REIGN OF FIRE (film review by Mark R. Leeper):

CAPSULE: An idea that could have been intriguing but was mishandled avoiding showing the most interesting scenes of the story. There are nice moments in REIGN OF FIRE, but there are is also a lot of comic book-ish civilization on the slag heap plotting that the viewer has to wade through to get to it. Rating: 5 (0 to 10), high 0 (-4 to +4). A minor spoiler section following the main review contains my deductions about aspects of dragon biology as it might be to explain facets of the plot.

One can see why some of the people who worked on REIGN OF FIRE might have been enthusiastic about the project, and also why a lot of the viewers seeing the film are not. This is a film that has a few diamonds in a lot of rough. The film combines the over-used cliches of the post-holocaust barbarian society film with some impressive dragon special effects.

In the prolog to the story we see that the digging of a train tunnel in London opens an ancient chamber and releases on the world real dragons--a species more virulent and dangerous than any other that has ever lived. Previously they brought the downfall of the dinosaurs. In this release they multiplied in the millions and quickly spread worldwide to bring the downfall of human civilization. By the year 2020 the remnants of humanity are living in holes in the ground and have been reduced to being a species rapidly going extinct. Quinn (Christian Bale) was present when the first modern dragon was released. Now he leads a diminishing band of humans who seem to be valiantly soldiering on, defending their small bunker system some place that used to be Northumberland and is now little more a tunnel system under a rock heap. They keep their stiff upper lips as their members slowly become dinner for the dragons raining from the sky in rabid attacks. Along come a militaristic band of Americans led by the macho tough guy Van Zan (Matthew McConaughey). The Yanks are crude and violent and step on Quinn's people's rights, but plan to take the fight directly to the enemy. Van Zan himself is a Sgt. Rock stereotype with a shaved head, tattoos, bare arms, military vest, and an inch of grubby cigar between his teeth. He's a human weapon, but at least he is pointed in the direction of the dragons. Quinn fears the aggressive element that has joined his people. In return Van Zan is disgusted by Quinn's overly defensive strategy. Can they defeat the dragons and save humanity? (Does a square have four sides?)

In the moments when there are no dragons on the screen, this is an unpleasant film to watch. It is mostly claustrophobic scenes in tunnels and shots on rock piles. Limited color is used to create an oppressive atmosphere. Scenes with dragons are an entirely different story. The dragons are majestic beauties who seem to quite naturally take to the air. Their design was strongly influenced by that of the dragon Vermithrax Pejorative from the film DRAGONSLAYER. When they fly overhead we are surprised to see how battle-scarred their wings are. Some of the scenes of the dragons look like they come from fantasy book covers. The early dragon conquests which would have been the most impressive part of the film (as acknowledged by the poster) are quickly glossed over to get to the more economical but less interesting action filmed on the slag heaps.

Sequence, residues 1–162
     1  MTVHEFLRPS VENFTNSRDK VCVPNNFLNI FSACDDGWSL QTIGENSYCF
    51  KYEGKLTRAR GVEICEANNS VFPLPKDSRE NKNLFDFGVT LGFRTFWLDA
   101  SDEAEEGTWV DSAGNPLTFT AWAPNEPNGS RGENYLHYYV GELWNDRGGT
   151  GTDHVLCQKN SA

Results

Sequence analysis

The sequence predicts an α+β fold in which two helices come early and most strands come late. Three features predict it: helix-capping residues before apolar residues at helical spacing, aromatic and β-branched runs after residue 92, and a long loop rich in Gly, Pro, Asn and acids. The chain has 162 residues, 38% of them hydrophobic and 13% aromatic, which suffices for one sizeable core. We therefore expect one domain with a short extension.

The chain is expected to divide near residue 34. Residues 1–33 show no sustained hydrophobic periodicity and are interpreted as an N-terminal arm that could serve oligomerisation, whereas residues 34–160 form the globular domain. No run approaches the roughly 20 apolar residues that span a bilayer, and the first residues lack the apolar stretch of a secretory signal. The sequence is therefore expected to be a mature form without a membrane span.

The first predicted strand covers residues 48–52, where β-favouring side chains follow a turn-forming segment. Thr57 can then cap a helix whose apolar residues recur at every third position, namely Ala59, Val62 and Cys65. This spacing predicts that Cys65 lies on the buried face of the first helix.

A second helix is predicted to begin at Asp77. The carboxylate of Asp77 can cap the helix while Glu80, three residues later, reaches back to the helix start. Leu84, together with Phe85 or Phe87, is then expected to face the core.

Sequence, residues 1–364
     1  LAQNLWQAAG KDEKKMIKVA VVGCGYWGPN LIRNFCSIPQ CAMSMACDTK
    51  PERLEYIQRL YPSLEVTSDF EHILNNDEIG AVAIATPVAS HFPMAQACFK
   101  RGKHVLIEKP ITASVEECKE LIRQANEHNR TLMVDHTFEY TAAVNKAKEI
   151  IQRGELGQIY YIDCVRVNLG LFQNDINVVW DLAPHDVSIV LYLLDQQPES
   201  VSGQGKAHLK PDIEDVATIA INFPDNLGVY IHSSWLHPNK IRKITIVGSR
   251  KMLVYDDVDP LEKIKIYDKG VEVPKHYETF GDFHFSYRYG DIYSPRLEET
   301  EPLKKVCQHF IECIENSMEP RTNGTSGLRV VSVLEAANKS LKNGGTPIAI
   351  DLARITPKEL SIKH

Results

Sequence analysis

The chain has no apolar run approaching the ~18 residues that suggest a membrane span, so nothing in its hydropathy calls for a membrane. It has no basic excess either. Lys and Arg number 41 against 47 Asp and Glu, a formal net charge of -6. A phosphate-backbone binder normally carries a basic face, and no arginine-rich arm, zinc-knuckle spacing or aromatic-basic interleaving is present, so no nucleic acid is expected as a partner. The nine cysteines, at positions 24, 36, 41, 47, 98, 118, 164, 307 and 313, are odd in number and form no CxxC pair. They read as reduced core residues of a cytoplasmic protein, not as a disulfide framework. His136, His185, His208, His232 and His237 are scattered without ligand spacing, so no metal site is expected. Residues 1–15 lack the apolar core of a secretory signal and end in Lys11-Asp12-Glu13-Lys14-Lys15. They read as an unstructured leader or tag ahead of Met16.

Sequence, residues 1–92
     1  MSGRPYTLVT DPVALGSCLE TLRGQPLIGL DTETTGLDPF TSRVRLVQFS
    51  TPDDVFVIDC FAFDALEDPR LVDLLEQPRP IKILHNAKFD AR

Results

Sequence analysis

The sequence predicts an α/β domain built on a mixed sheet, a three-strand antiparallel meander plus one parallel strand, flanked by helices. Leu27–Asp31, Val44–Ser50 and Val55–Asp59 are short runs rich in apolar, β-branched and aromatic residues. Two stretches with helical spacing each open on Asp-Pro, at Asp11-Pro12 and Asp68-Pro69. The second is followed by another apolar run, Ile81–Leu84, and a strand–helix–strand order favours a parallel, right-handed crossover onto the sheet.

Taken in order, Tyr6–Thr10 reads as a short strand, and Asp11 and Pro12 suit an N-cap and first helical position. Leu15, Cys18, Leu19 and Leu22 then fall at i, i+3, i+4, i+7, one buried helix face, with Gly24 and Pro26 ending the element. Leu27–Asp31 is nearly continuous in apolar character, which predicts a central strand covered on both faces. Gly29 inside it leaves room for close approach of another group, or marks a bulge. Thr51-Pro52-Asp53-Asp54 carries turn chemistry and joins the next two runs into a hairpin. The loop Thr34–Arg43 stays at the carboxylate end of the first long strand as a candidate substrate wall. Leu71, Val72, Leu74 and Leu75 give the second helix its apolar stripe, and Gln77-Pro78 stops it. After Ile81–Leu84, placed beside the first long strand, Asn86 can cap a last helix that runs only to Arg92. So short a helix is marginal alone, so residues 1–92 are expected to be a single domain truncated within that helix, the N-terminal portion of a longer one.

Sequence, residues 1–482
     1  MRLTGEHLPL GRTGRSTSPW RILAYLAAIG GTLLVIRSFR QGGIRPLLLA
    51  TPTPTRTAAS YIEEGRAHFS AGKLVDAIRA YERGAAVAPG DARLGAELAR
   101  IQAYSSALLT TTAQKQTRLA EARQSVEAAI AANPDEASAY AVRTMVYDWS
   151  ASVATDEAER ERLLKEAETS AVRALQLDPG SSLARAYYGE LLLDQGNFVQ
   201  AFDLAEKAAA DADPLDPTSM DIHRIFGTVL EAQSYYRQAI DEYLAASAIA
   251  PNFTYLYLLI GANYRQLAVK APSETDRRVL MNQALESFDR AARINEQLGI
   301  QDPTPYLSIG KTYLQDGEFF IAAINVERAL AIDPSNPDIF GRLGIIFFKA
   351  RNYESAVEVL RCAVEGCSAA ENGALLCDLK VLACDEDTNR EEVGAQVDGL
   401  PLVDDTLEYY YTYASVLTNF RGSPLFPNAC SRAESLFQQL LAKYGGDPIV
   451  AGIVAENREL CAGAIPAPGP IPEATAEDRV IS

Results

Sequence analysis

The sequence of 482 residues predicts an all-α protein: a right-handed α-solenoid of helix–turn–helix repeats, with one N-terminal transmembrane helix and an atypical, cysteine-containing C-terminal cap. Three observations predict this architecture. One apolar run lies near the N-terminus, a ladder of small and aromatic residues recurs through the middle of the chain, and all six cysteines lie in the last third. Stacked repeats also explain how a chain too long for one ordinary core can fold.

The screenplay is full of unanswered questions, though many could be answered in a more intelligent script. The availability of limited amounts of petroleum and electricity could be explained but are taken as a given. Aspects of dragon biology that drive the plot could be consistently explained but generally are not. What could have been an interesting premise is wasted on a dull story with uninteresting flat characters. Perhaps an allegory was intended comparing American confrontational foreign policy with a European style which is much more reserved, though if so it was not fully developed.

The dragon effects are the best thing about this film and whatever is second is a distant second. Somehow effects are just not enough to make this a recommendable film. I rate REIGN OF FIRE a 5 on the 0 to 10 scale and a high 0 on the -4 to +4 scale.

Minor spoiler...

There has been some discussion about the science behind the dragons being poorly considered. This need not be true, but explanation of what is happening with the dragons may have been avoided to alleviate the need for cumbersome exposition. Actually the way I figure it, much of the female dragon's biological energy is devoted to reproduction which they do very, very fast. This means they live a relatively short period of time and must ingest a great deal of food much of the energy of which goes into creating baby dragons. Like sea lions, one male services a large harem of females. Males are larger, at least equally fierce, and are extraordinarily long-lived not expending as much energy in reproduction. Making things even harder on dragons something has gone wrong with the reproductive system and the one remaining male is producing only daughters. (There are, I believe, biological precedents for this disorder.) This means the species will die out shortly after the death of the last male just from the inability to produce more males and from inbreeding, but the dying human race may not live that long.

There is no way I can rationalize the concept that the dragons subsist eating ash. Perhaps it was meant figuratively. [-mrl]

THE ROAD TO PERDITION (film review by Mark R. Leeper):